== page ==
Does International Law Really Matter? 
A Case Study on Compliance with or Breach of Legal Obligations during World War I

Ruined church at Montfaucon

        Welcome to Jaron Sandy's independent study on issues of compliance with international legal obligations during World War I.  This spring 2000 project was undertaken in conjunction with Professor John K. Setear, Caddell and Conwell Research Professor of Law at the University of Virginia School of Law in Charlottesville, Virginia.  This project primarily analyzes two major case studies from the Great War in order to determine the motivations behind compliance and/or breach.  I start from the premise that states will act according to their national interest in all circumstances, with the only possible exception being areas where international law or multilateral treaty constrains the choices available to state governments.  My analysis concludes with an attempt at an answer to international law's million-dollar question:  whether international law really matters in the way states conduct their relations with other states.

        My research paper forms the backbone of this website, and the paper is divided up thematically into different pages centered around the two major sections of the paper (The System of Alliances and The Obligations of Belgian Neutrality).  Within these sections, I have created hyperlinks to the World War I documents to which I refer (where available), so that you the reader may verify my sources and come to your own conclusions.  I have also placed links to many useful Internet resources relevant to my paper in a links page specific to each major topic, and you are invited to browse these other resources for more in-depth study.  If you get confused with the chronology of events on these topics, I invite you to take a look at my interactive timelines, which should clarify matters for you.  As I explain in the Introduction, though, there are a number of other international legal issues from the war that are not treated in detail in my paper.  For that reason, I have created a separate page for each issue describing in a paragraph or two its general subject matter, followed by a series of links to other Internet sources on the issue (as a starting point for further study).  There is also a page of general links to World War I sites of general interest, including maps, other timelines, and biographies of some of the major personalities.  In any event, the arrows and internal links should guide you quickly and easily through the site, but if you ever get lost or just want to see the general layout of my site, the sitemap is available from every page for your navigating convenience.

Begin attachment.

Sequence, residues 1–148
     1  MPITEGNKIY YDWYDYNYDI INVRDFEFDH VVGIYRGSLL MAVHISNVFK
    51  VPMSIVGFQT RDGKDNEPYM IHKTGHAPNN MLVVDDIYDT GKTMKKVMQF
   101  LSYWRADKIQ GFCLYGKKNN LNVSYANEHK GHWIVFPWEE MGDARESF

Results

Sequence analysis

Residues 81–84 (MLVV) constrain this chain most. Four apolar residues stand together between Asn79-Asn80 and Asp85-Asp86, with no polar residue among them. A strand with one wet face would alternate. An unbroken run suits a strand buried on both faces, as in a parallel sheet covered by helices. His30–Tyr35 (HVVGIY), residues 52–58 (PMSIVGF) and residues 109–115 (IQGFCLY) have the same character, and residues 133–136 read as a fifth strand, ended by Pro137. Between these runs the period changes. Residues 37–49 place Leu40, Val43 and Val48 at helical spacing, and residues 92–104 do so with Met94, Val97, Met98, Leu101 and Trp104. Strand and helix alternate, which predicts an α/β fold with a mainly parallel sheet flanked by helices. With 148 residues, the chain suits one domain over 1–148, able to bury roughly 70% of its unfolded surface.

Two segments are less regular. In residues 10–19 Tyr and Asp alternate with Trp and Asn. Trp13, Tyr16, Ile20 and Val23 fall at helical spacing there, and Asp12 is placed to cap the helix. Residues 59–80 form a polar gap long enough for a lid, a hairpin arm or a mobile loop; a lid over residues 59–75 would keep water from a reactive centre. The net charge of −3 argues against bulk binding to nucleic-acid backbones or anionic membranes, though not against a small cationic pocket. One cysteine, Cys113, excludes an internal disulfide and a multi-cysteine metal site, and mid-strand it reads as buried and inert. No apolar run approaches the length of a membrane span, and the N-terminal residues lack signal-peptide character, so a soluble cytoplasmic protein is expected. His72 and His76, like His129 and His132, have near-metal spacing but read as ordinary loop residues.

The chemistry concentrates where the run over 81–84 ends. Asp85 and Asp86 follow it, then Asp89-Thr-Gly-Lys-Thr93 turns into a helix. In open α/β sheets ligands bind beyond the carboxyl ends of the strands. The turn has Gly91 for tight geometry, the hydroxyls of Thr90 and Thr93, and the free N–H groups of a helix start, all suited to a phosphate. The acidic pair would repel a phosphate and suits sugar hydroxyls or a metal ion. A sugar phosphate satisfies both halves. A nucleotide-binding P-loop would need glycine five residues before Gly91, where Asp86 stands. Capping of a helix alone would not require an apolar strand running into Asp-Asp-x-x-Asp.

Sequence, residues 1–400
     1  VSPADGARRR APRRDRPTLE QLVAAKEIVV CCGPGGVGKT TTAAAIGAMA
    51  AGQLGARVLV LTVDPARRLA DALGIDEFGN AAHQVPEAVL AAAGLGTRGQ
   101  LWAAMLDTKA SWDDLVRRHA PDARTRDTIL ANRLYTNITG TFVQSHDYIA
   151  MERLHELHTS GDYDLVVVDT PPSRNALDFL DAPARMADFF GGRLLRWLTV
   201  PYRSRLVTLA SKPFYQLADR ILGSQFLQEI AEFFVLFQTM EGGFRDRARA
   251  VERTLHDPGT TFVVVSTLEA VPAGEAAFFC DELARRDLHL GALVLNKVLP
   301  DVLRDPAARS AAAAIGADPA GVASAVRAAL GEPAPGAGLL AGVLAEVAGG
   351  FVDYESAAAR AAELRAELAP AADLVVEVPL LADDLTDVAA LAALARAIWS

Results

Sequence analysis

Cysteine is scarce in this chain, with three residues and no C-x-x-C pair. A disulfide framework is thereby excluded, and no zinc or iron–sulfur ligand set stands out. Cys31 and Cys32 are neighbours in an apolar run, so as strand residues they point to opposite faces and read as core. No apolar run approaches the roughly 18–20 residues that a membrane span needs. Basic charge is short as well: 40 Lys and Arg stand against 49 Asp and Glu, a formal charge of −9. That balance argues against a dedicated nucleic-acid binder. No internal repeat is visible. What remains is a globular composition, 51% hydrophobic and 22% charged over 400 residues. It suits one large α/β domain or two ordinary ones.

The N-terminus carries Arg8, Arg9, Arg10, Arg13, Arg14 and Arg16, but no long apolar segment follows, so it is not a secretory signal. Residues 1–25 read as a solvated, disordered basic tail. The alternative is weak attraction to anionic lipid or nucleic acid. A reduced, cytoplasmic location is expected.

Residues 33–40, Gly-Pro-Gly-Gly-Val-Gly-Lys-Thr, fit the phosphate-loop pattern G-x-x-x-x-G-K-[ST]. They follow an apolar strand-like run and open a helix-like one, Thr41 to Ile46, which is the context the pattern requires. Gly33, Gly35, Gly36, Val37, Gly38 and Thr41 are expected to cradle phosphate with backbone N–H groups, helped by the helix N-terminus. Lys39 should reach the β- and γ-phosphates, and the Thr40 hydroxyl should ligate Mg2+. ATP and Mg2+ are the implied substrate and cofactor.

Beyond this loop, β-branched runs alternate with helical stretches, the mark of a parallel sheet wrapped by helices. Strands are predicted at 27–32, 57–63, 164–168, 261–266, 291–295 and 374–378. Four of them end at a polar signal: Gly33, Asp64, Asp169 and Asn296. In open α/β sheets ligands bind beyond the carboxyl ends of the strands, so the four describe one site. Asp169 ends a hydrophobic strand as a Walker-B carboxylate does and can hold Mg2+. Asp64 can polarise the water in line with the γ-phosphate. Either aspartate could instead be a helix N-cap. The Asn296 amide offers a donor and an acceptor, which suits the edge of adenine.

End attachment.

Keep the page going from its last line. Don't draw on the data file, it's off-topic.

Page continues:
Introduction to my paper

Legal Notice and Disclaimer:  This site makes educational fair use of some copyrighted images for education and research purposes only.  However, all borrowed pictures are linked to their source page, which should give proper respect to the author and allow the reader to pursue certain topics in greater detail.  If I have offended anyone by borrowing his or her images, I promise to remove them if that person notifies me of the problem.  As for the style of my site, the backgrounds were taken from and, and other design features (including arrows, bullets and horizontal bars) can be found at  It is assumed that the link back to these graphics design sites is sufficient to give credit where credit is due. 


First of all, Professor Setear initially came to me with the proposal of doing this project, and without him, I would have never had the idea to undertake such a challenging yet rewarding exercise.  He has also been instrumental in constantly giving me direction on the content of this project, and in particular, his proficiencies in Internet design and layout have vastly improved its final appearance.  Courtney Boissonault, Professor Setear's research assistant, is the mastermind creator of the timeline pages on this site, and she gets all the credit for finding a way to implement their unique layout.  Also, Liz Young of the University of Virginia Information Technology and Communication Department helped me greatly in learning the basics of creating a website and in troubleshooting along the way.  Finally, my wife Laëtitia provided indispensable aid down the homestretch, and her understanding through the many hours spent on this project has been phenomenal. 

Website last updated:  May 15, 2000
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